memset(buttonChange,0,sizeof(buttonChange)); // reset all old state changes
  if (millis()-lastButtonTime<BOUNCETIME) return;  // within bounce time: leave the function
  lastButtonTime=millis(); // remember the current time
  for (int i=0;i<NUMBUTTONS;i++) 
  {
    byte curState=digitalRead(buttonPins[i]);        // current button state
    if (INPUTMODE==INPUT_PULLUP) curState=!curState; // logic is inverted with INPUT_PULLUP
    if (curState!=buttonState[i])                    // state change detected
    {
      if (curState==HIGH) buttonChange[i]=BUTTONDOWN;
      else buttonChange[i]=BUTTONUP;
    }
    buttonState[i]=curState;  // save the current button state
  }
}


void output(){
// send a message to Serial if a button state (pressed/released) has changed
// button pressed: Send button pin number with minus sign
// button released: Send button pin number
  byte action;
  for (int i=0;i<NUMBUTTONS;i++)
  {
    switch (buttonChange[i])  
    {
      case BUTTONUP: Serial.println(buttonPins[i]);break;
      case BUTTONDOWN: Serial.println(-buttonPins[i]);break;
    }
  }
}


void setup() {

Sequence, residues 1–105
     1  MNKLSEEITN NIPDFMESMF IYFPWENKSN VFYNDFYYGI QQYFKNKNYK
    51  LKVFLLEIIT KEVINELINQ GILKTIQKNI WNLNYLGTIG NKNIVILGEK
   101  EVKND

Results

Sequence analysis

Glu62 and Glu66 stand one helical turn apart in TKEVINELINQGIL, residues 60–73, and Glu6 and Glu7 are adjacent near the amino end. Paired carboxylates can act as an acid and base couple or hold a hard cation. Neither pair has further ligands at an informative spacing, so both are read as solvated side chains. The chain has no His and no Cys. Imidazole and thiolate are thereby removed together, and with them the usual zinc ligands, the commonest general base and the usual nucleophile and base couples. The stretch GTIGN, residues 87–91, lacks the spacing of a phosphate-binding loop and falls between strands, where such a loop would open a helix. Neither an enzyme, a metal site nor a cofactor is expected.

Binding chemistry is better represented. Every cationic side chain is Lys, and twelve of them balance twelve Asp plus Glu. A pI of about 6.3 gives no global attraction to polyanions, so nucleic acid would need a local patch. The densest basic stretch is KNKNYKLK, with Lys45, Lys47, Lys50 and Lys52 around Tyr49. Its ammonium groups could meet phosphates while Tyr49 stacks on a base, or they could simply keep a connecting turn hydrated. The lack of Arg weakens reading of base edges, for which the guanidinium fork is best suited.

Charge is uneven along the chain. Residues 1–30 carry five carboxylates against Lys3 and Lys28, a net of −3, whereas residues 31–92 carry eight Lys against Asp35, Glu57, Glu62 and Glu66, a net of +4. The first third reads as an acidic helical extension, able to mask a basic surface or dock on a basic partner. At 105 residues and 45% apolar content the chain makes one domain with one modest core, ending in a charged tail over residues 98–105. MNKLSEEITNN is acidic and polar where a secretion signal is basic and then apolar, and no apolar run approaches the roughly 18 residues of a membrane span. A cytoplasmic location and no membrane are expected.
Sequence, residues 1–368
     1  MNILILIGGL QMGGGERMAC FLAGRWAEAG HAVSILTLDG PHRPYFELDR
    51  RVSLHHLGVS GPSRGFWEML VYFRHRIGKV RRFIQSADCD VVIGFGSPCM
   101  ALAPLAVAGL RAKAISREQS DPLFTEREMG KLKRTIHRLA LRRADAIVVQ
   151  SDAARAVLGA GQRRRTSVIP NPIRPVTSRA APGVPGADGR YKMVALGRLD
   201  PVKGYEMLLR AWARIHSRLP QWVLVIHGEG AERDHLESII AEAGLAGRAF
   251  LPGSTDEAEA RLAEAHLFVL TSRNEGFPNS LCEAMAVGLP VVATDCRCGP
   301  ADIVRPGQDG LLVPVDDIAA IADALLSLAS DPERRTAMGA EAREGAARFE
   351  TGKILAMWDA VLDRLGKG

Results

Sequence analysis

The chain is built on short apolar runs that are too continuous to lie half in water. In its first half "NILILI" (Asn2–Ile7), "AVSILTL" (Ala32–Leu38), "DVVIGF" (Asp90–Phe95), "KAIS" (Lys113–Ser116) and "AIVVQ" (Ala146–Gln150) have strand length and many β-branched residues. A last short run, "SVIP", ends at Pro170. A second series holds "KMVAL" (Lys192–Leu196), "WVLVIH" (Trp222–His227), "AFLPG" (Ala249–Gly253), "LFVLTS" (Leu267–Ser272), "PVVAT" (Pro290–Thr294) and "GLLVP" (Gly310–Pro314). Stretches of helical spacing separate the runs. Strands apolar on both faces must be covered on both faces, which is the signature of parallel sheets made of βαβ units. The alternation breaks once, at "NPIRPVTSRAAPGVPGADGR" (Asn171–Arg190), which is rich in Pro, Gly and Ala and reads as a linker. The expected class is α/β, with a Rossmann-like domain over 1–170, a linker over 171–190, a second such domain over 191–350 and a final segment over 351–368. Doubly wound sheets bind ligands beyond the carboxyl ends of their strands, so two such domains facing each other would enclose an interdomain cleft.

Serial.begin(9600); // initialize Serial at 9600 baud
  // then initialize all buttons
  for (int i=0;i<NUMBUTTONS;i++) pinMode(buttonPins[i],INPUTMODE);
}

void loop() {
  input();
  // processing(); // if you need any processing, write a function for it!  
  output();
}

Besides of that, the example shows how to use the IPO programming model using three functions for seperating

  • Input
  • Processing
  • Output

Doing that IPO programming logic, you can write any program for your Arduino as you like.

Thanks jurs, very kind. I searched and searched but never came across that particular sketch.

There is just one line that is foreign to me

enum{UNCHANGED,BUTTONUP,BUTTONDOWN};

What is "enum" and what does it do?

User0689:
Thanks jurs, very kind. I searched and searched but never came across that particular sketch.

There is just one line that is foreign to me

enum{UNCHANGED,BUTTONUP,BUTTONDOWN};

What is "enum" and what does it do?

An enumeration is just something that gives meaningful names for constant numbers.

If nothing else is specified, the counting begins as zero, so

enum{UNCHANGED,BUTTONUP,BUTTONDOWN};

is exactly the same as:

#define UNCHANGED 0
#define BUTTONUP 1
#define BUTTONDOWN 2

This sort of processing 'named constants' instead of 'constant numbers' is just helpful in writing 'speaking code' that tells you what's going on without writing comments.

To me it just looks more meaningful in the source code if I write:

switch (buttonChange[i])  
{
      case BUTTONUP: doThis();break;
      case BUTTONDOWN: doThat();break;
}

as if i would write